Dump the law and thin them out

Published 12:00 am Sunday, May 23, 2004

Seems there is considerable pressure and lobbying of delegates to remove the helmet law. &uot;Why should the government hamper my freedom by forcing me to wear safety equipment on my skull?&uot; Here’s the answer, friend: if there is no brain inside the skull why bother to protect it? I’m with you, chuck the thing and take the risks, it’s your life and if you get your bell rung on a tree you can say you are a man. You don’t take no crap from nobody. And you may just assist in weeding out the ignorant from the population. Lord knows there is a plethora of them.

I’ve thought about going a step further and rip out the auto seat belts. They are a pain and a habit I can do without. Most folks in the back seat feel there is no need to belt up because they are farther away from the accident that might kill the two up front. That’s great thinking and the driver is absent minded, or worse, if he forgets there is the risk that the person behind him might come sailing into the back of his head. I clearly remember witnessing an accident back when I was a kid, before belts. A car hit an obstinate willow tree and the guy in the middle of the back seat was wearing the review mirror between his eyes when he came flying through the windshield.

Now the fast-food purveyors are admitting to some sort of guilt because so many hearty American eaters don’t know when to quit or want to. I saw a huge, huge man at a Chinese restaurant eating Alaskan crab legs so fast he must have thought they were becoming extinct. He wasn’t even taking time to squeeze out the meat, just stuffing the legs in as they were…looking like one of those yard chippers that chew up branches. Apparently he couldn’t shut himself off and the Chinese manager furiously worked his abacus.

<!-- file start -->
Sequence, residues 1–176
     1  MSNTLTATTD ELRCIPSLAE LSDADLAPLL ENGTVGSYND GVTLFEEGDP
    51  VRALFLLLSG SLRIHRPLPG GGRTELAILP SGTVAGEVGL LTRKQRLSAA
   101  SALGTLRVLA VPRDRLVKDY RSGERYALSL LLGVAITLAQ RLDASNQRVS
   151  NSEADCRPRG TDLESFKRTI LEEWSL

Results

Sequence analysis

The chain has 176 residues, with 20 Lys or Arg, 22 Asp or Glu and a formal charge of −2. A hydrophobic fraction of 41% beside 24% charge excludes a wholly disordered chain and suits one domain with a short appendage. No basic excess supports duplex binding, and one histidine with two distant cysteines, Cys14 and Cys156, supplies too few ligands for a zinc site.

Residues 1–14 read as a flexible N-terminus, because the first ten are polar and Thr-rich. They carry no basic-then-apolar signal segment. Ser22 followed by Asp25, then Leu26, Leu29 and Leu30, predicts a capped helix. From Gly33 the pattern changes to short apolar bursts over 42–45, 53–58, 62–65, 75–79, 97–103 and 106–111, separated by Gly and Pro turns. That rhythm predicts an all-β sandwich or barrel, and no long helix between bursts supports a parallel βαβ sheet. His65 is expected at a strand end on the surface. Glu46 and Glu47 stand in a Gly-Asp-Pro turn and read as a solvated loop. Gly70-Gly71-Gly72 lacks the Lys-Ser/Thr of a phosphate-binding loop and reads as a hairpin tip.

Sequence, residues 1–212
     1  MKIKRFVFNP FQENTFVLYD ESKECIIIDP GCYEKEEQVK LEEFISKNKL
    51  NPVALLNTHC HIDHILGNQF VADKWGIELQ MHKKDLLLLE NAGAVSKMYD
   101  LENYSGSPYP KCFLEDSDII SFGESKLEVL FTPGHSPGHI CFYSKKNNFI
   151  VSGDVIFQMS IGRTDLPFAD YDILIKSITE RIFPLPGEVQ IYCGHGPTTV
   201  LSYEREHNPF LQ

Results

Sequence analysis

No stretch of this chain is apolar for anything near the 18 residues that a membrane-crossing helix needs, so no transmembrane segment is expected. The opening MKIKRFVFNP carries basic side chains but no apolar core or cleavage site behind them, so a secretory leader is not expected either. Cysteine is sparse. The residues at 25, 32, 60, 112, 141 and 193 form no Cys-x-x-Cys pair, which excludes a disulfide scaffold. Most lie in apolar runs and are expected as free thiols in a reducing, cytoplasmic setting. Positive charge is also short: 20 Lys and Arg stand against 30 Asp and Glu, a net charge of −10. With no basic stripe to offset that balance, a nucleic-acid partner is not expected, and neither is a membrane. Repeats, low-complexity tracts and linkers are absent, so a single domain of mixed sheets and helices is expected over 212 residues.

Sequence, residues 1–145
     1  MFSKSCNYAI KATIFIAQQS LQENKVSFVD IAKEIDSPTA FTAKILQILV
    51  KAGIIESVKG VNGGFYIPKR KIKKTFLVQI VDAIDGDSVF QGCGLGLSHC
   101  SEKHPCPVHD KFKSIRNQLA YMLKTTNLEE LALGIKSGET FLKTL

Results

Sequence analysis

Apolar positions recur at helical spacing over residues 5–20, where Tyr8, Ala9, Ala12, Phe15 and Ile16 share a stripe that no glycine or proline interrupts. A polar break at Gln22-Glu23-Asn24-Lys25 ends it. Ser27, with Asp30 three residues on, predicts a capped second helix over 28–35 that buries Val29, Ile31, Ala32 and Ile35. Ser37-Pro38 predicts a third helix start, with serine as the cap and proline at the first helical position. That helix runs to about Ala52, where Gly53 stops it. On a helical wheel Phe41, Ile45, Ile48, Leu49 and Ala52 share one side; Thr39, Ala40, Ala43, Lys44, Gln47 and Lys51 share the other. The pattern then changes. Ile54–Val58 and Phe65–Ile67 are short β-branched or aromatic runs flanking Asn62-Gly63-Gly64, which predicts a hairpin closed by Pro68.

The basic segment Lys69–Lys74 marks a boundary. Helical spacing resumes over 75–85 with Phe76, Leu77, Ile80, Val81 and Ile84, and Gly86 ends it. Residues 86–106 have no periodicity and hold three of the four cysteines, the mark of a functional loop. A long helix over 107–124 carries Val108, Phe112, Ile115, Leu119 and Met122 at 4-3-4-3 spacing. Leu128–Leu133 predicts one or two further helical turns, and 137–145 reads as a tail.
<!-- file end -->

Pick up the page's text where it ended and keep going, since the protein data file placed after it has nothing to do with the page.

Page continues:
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That’s the trouble with buffets, fast-food outlets limit everything but the soft drinks and ketchup. The burgers may be big but the price nowadays fosters caution and only those desiring suicidal calories go for seconds. But because of the ACLU and those who have completely lost control of their wits there is pressure forcing the fast-food chains to pander to gluttons. Right now the hot avoidance subject is &uot;carbs.&uot; I’ve never seen one up close but apparently they do terribly disfiguring things to the human body. Inward curves expand outward, bathroom scales go to Goodwill and the textile industry puts on a night shift. The need for better nutritionists is obvious because most of them are overweight.

Cruise ship owners are seriously weighing either cutting back on the endless ponderous meals or determining the price of the cruise by weighing the passenger. Airlines are thinking too and considering the measurements of the human bodies as they did overhead carry-ons. Medicare brains meet monthly to determine how excess body weight affects medical costs. Liposuction will not be covered, nor ankle, knee and back supports.

About those 10-day weather forecasts…baloney. By the third day they are revising and pondering another 10 days they will be revising. I guess it’s OK to listen to their guesses, but don’t make any plans based on them. They make these wild estimates just to fill up airtime and to appear wiser than the other channels that will only gamble on seven. I’d settle for one day if it is so accurate I don’t have to look out a window to be sure. Surely we don’t have a shortage of hypothesizing meteorologists.

In case you didn’t see the news, you have an opportunity to purchase Tyrannosaurus Rex bones that a museum will soon dump on the market. You private collectors will now have the opportunity to own such a rare and precious item. I think it’s wonderful that the average Joe Six-pack can now adorn his mantel with something eye-catching instead of an ordinary duck decoy or slightly cracked Aunt Sadie’s slightly cracked teapot. I don’t think you should go for a whole leg or vertebra; you’d have to sell your pickup just to buy a pinkie bone. But it certainly was nice of them to offer.

Robert Pocklington is a resident of Suffolk and a regular News-Herald columnist.